A ‘Shepherd’ guides us towards a vision of the future. But what if that vision is a lie? Will the lie set you free? Shepherd is a film about Yi, a young woman who fears the uncertainty of the future. She adopts Shepherd: an experimental medical technology in the form of a leech, designed to stabilise emotions. Shepherd shows Yi visions of her deepest desires: a stable relationship and motherhood. Yi becomes increasingly dependent on these visions, creating her internal struggle between Shepherd’s happy lies, and the painful reality of her own failed relationship. Shepherd is a psychological thriller, with a gritty, existential aesthetic like Jonathan Glazer’s 2013 “Under the skin”. Shepherd represents the ambiguous nature of technology, reflecting and amplifying Yi’s subconscious desires and flaws. In Shepherd we see a God of Yi’s own creation, and the horror that brings. Shepherd is not about the negative effects of technology. Shepherd is not just about how technology is a mirror, reflecting our own nature. Shepherd is about the human need for destiny and purpose; to believe in a vision of the future. It’s about what happens when we permit technology to fulfil these needs; to become our Shepherd.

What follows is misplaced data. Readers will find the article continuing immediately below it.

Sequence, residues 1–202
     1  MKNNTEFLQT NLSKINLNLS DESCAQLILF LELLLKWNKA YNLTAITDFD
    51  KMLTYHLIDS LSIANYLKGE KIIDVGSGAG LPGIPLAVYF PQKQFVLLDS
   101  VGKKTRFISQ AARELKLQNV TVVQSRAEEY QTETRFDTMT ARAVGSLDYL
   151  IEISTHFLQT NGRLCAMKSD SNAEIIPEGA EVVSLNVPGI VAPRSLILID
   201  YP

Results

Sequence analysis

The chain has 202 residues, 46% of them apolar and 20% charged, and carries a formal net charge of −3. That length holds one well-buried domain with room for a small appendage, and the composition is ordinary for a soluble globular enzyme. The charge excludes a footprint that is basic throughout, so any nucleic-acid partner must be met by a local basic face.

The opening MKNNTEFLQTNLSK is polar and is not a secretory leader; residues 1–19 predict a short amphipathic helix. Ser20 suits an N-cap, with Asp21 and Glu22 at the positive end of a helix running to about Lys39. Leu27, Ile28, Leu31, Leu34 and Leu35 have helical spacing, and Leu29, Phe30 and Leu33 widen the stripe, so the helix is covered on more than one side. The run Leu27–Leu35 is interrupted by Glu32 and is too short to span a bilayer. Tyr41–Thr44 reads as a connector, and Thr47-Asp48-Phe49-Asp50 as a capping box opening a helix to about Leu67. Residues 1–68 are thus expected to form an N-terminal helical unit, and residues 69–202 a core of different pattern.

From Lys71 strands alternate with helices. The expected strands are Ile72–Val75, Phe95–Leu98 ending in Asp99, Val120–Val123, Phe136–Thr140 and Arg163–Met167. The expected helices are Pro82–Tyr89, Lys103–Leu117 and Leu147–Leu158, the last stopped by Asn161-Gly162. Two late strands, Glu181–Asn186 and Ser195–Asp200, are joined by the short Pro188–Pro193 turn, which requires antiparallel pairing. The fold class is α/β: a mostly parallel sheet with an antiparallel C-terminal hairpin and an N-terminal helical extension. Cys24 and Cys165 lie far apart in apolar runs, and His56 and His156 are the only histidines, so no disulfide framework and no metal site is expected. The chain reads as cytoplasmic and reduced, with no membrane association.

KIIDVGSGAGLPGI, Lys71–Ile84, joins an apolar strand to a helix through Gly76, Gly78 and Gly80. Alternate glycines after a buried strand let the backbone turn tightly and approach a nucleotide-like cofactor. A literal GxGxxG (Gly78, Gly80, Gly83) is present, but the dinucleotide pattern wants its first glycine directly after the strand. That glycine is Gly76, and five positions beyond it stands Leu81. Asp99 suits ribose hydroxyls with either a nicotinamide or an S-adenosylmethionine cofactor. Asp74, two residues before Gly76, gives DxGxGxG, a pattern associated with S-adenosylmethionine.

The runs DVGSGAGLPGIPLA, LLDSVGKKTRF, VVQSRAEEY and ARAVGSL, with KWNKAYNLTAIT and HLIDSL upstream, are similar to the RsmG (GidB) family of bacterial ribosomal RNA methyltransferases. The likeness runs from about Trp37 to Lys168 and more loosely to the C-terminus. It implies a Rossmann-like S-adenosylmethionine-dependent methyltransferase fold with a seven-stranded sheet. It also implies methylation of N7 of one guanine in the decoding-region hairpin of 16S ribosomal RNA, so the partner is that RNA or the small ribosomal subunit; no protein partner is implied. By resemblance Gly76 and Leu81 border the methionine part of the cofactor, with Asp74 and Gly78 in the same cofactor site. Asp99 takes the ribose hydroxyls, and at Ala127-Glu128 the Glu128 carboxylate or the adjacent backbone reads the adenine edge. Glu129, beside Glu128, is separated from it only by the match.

Shepherd follows the narrative of Psalm 23, turning each verse upside-down, revealing what might happen if we replace the good shepherd with a relationship or technology. In Act 1, we see the opposite of peace in Yi’s co-dependent relationship. Rather than lacking nothing, she is in constant need and filled with anxiety. In Act 2, Shepherd guides Yi along paths she wants but does not necessarily need, giving her brief moments of happiness but not lasting contentment. She walks the darkest valley of a cheating boyfriend, afraid, becoming dependant on Shepherd. Her decision not to kill John is driven by her fear of not having him or a child. In Act 3, she finds herself in the “house of the Lord” – Shepherd’s visions, built on what she wants, not what will actually happen: a lie, where she may dwell forever if she cannot escape. The music accompanying my pitch, John Tavener’s “The Bridegroom”, was a great inspiration for how I adapted Psalm 23. Performed in two parts, the choir longs for the bridegroom to return, as Yi longs for a good shepherd, while the response of the bridegroom in the strings expresses the serenity of allowing God to lead.